I know that there are annuities for various terms, and maybe the 11-year ones aren't at 10% or don't have inflation increases, but you can look for something. If the numbers aren't what your friend needs, at least you haven't left that stone unturned.

Maybe one way to back-stop a tiny amount of risk is to accept that he *might* have to do a reverse mortgage if the small amount of risk bites at just the wrong time. The problem is, he's asking for a greater percent payout that an accepted "riskless" investment (T-bills) can provide.
Print the post Back To Top
No. of Recommendations: 1
The problem is, he's asking for a greater percent payout that an accepted "riskless" investment (T-bills) can provide.

Even T-bills have risk, unless he were to set up a T-bill ladder that matures with the exact amount that he will need in each of the next 11 years. (And that would mean guessing at his inflation adjustments for each year, too.) If he has to sell a T-bill early and rates have risen, he will lose principal, as buyers will only pay the amount that will get them the prevailing T-bill rate. Since rates are currently very low compared to overall historical rates, there's only a little potential upside, which would occur if rates were to go up.

CDs at an FDIC insured institution don't have a lot of risk, unless one thinks that the FDIC will run out of money insurance money. If that happened, the crisis that would be occurring would probably have resulted in a lot more losses in almost any other investment. Of course, in this case, with $500k to invest, he would have to spread the money across multiple institutions, so as to not exceed the FDIC limits.

AJ
Print the post Back To Top
No. of Recommendations: 2

CDs at an FDIC insured institution don't have a lot of risk, unless one thinks that the FDIC will run out of money insurance money.


I haven't looked lately, but in the early days of the Bush-administration mortgage crisis it was pointed out that the banks with the six largest amounts of FDIC-insured deposits *each* had more such deposits than the FDIC's total reserves... and the largest one by itself would have wiped out the FDIC if it had been unable to pay off a mere 10% of its insured deposits.

That is, of course, assuming no Congressional bail-out of the FDIC.

Since we now know that the FDIC's response to the failure of a big bank is to merge it with a bigger bank, I would guess that probably the situation has gotten worse.
Print the post Back To Top
No. of Recommendations: 0
I am sure things are less stable now. Congress will just use the rest of our SS to save the FDIC
Print the post Back To Top
No. of Recommendations: 2
I haven't looked lately, but in the early days of the Bush-administration mortgage crisis it was pointed out that the banks with the six largest amounts of FDIC-insured deposits *each* had more such deposits than the FDIC's total reserves...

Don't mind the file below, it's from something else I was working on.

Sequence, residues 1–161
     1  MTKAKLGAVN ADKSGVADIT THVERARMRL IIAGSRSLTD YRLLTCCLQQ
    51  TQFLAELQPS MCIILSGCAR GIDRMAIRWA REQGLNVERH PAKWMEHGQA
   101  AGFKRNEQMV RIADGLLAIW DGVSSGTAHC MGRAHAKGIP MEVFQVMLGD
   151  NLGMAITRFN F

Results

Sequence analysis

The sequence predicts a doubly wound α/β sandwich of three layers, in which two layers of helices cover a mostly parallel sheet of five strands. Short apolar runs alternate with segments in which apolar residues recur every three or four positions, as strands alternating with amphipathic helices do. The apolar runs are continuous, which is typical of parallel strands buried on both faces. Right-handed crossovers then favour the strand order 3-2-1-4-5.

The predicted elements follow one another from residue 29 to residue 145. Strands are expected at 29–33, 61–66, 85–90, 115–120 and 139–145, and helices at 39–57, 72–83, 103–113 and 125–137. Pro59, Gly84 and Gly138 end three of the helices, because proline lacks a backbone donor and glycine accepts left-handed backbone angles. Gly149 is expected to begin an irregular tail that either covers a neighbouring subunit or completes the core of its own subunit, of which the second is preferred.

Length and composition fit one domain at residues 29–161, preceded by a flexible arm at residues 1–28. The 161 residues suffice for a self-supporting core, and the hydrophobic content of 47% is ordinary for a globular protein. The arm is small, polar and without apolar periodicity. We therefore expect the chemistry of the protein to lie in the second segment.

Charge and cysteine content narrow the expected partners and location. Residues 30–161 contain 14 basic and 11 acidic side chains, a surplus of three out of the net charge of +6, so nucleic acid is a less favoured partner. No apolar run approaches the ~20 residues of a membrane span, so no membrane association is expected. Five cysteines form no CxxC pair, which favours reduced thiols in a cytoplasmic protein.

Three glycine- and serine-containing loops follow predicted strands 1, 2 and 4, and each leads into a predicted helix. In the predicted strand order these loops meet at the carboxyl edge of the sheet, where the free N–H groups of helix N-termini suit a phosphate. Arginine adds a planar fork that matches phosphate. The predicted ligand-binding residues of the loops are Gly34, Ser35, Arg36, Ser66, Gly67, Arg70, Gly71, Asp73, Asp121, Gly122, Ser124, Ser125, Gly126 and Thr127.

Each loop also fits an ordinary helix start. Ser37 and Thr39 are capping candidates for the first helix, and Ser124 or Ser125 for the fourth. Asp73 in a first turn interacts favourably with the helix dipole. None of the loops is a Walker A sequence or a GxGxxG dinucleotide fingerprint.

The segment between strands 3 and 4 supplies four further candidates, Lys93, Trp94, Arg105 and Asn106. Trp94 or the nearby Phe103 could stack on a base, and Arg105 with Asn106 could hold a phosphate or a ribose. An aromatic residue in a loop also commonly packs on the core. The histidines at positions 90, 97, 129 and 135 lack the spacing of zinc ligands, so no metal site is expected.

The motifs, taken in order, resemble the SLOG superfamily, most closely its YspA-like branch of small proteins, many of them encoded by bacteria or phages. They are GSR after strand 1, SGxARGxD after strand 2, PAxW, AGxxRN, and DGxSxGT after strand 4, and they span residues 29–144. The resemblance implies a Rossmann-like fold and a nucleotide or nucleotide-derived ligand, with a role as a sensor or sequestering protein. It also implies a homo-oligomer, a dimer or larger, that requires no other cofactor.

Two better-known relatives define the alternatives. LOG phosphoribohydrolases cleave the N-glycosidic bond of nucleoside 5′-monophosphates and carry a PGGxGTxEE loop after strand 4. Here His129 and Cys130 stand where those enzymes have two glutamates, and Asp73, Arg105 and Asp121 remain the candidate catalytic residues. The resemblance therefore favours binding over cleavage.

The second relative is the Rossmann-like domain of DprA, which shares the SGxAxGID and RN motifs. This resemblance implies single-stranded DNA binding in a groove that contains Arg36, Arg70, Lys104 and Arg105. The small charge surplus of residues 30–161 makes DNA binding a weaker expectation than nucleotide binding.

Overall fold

There have been a lot of changes in bank regulations since then.

and the largest one by itself would have wiped out the FDIC if it had been unable to pay off a mere 10% of its insured deposits.

Which is precisely the reason that Dodd-Frank requires banks with more than $50B in assets to create living wills. Here's an article that explains living wills: http://www.cnbc.com/2016/04/14/cnbc-explains-bank-living-wil... And here's the webpage from the Fed's website with more information about the requirements and specific banks: https://www.federalreserve.gov/supervisionreg/resolution-pla...

Since we now know that the FDIC's response to the failure of a big bank is to merge it with a bigger bank, I would guess that probably the situation has gotten worse.

My guess is that that's no longer the response for large banks.

AJ
Print the post Back To Top
No. of Recommendations: 0
Rocannon -

What did your friend decide to do? Although, technically, this is not a retirement scenario, the same dilemma applies - that being a sharp market downturn in the first few years which hurts the rest of the time period.

As AJ showed, your friend can only achieve his goal by spending less and adopting a disciplined asset allocation that allows the equity or fixed income investment to grow/rebound from a market downturn.

So, following Gene's approach of keeping $150K in cash to cover the first 3 years, I ran a couple of scenarios for the rest ($350K). It looks to me like a 50-50 split ($175K each in fixed income and equity) would accomplish his goal. However, my rough calculations does not account for inflation.

If your friend were willing to work part-time, the added income would make the goal much easier to achieve.

Paul
Print the post Back To Top